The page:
Acting Like an Adult Around Wine

Exactly a year ago, I was finishing up my year at the Chicago Portfolio School, designing at super late hours, drinking the cheapest wine and beer I could find, and generally only interacting with fellow students and the occasional ad agency employee. This year, however, I am a working adult who's expected to know a little about wine and attend social functions with *gasp* real adults who have houses and 401Ks and wine collections.

This transition hasn't been easy and, at times, it's been pretty awkward (those who know me won't be surprised by this). But out of my awkwardness has come a little wisdom, which I'll share with you.

1. Know how to pronounce at least a few basic wine varietals 

There's nothing worse than ordering a wine based on what you can pronounce, so learning a few of the basics will give you more options when ordering a glass. The key is to strike a balance between sounding silly because you pronounce the silent letters and sounding even more silly because you pronounce it in an over-the-top French or Italian accent. My recommendations for a few super simple options with my own, very official pronunciation guides:

  • Chardonnay: (Shar-don-ay) If you're a Chardonnay fan, you're in luck because if there's only one white wine at an event, it's probably Chardonnay. And it's pretty easy to pronounce.
  • Sauv Blanc: (Sahv Blahnk) Though it's actually Sauvignon Blanc, using the more colloquial term will save you a few syllables and make you look more comfortable around wine
  • Cab: Cabernet Sauvignon is a pretty universal red wine, and, again, you can't go wrong using the more casual "cab." The bartender will know what you're referring to.

These are by no means your only options, so if you want to dig a little deeper, here's a thorough pronounciation guide.

2. Know how to hold a wine glass

One of our experts, Bob, wrote a more thorough article on this topic, but the short version is: if it's chilled to the perfect temperature, hold it by the glass's stem (if there is one). If it's too cold, it's fine to hold it by the bowl of the glass to warm it up a bit. And for God's sake, please don't put your pinky up. 

3. Get a basic overview of wine terms, but don't act like you know everything

Nothing says "The last bottle of wine I had came from a box" like pretending you know everything about wine tasting. Admitting that you're still in the learning process is actually a good way to keep a conversation going with someone you hardly know-- ask about their favorite bottle, when they first got interested in wine, etc. Chances are, you'll learn a little more about wine, and they'll be flattered you consider them knowledgeable. 

4. Bring wine with a story, not a price tag

Unless your company is funding the purchase, showing up to a party with an overly pricey bottle of wine will make it look like you're trying too hard, especially if you chose it simply based on the price. On the other end of the spectrum, showing up with a $5 bottle from CVS to anything other than a "Remember how terribly we drank in college" party looks equally bad. The key, I've found, is finding a bottle with a story. Whether you found it in a really interesting way or the winery sets itself apart, showing up with a moderately priced, really tasty bottle that you can talk about does WONDERS for your "wine cred." Even if you literally know one fun fact about it. Here are two scenarios to illustrate that point:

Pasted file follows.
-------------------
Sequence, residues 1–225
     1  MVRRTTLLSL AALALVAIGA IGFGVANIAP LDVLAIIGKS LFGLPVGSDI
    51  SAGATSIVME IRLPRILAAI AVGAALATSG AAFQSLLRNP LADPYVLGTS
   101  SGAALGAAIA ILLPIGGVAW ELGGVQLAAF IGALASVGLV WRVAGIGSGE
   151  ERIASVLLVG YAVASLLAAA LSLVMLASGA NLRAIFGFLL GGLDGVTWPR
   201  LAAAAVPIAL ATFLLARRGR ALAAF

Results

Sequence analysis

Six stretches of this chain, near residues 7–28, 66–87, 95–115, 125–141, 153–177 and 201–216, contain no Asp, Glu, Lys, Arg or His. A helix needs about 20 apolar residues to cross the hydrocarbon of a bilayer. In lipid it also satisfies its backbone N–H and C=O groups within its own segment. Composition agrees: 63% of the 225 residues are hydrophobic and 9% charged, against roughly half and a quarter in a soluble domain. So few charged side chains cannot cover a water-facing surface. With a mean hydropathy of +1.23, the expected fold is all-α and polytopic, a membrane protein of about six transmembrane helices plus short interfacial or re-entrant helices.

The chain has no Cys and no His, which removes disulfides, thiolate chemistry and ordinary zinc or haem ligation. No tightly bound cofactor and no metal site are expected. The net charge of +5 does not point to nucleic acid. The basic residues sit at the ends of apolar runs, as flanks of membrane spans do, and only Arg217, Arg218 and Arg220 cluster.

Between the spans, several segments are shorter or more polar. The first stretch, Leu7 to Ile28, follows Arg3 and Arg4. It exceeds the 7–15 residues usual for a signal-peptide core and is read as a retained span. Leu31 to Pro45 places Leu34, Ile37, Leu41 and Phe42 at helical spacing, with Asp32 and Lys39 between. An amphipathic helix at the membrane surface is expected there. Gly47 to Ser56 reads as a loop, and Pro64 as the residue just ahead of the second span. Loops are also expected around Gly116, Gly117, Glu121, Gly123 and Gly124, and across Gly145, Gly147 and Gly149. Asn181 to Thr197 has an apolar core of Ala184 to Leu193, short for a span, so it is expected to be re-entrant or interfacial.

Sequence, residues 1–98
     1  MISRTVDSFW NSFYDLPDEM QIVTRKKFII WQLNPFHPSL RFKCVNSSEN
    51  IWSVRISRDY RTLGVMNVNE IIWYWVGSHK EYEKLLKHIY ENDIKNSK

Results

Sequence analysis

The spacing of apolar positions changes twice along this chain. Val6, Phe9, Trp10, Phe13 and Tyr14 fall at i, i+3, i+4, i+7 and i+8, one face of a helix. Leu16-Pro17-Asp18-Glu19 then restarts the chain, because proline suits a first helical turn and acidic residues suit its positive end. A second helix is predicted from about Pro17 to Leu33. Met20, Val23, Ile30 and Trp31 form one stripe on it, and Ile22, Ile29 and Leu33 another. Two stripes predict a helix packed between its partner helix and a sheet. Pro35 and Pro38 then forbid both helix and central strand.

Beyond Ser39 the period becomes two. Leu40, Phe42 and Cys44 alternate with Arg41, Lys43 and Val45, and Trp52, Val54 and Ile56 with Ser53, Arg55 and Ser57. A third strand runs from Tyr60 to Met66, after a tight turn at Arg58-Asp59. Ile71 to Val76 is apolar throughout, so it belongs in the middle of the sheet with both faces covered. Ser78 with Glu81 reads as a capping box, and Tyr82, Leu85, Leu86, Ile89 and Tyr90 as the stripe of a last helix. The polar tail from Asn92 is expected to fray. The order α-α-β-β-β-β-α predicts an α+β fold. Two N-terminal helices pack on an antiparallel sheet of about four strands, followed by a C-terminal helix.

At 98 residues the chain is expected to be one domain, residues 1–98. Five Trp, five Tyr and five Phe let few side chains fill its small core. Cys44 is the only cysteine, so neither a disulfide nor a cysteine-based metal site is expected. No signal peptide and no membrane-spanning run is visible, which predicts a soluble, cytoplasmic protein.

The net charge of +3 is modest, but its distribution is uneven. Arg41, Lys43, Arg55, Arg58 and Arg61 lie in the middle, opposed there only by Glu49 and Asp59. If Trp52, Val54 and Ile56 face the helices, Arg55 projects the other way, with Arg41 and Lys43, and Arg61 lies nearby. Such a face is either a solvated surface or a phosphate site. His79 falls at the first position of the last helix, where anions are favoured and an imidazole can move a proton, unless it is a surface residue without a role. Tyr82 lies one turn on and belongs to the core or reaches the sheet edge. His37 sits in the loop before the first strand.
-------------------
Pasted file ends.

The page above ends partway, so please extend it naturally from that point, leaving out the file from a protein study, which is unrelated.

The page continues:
• Scenario A: Jordan grabs a $6 bottle of Yellowtail from the grocery store on the way to a dinner party with a few of her coworkers (including higher-ups). She walks in, sets the bottle down, and makes a joke about bringing out "the good stuff" to cover up the fact that she didn't really know what else to bring. Sure, people will drink it after the other wine is gone, but it's pretty obvious that no thought went into the choice.
  • Scenario B: Jordan asks for suggestions from her more wine-knowledgable friends (or Google) and finds a really good bottle of $20ish red wine from a winery that's powered by wind turbines. When she sets the bottle of wine with the others on the counter, it stands out a bit. When someone asks her about the wine she brought, she can (without really knowing anything about the tannin levels or acidity or other wine tasting terms) say, "it's a red blend from this great wind-powered craft winery. It was actually the first in Northern California to use turbines." Boom. Instant cred without actually saying anything about the wine.

Am I saying you have to get wine through our site to have cred? Absolutely not. That same experience can be found with a lot of Googling or searching through wine shops on your own, but from personal experience I can say Winestyr makes that process a lot quicker via our suggestion form (found in the bottom right corner!), our winery pages, and our winery introduction emails (which you can get by signing up for our newsletter on the right). And, in case you were wondering, that wine I referenced was the Anaba Turbine Red Blend. Yum.

And, with those four steps, you're guaranteed to have a less awkward time in the weird transition period between keg stands and wine-and-hors-d'oeuvres mixers. If you have any other questions or want to hear some of my terribly awkward tales of wine newbie-dom, feel free to leave comments or tweet at me @jordanbear.

Jordan Johnson


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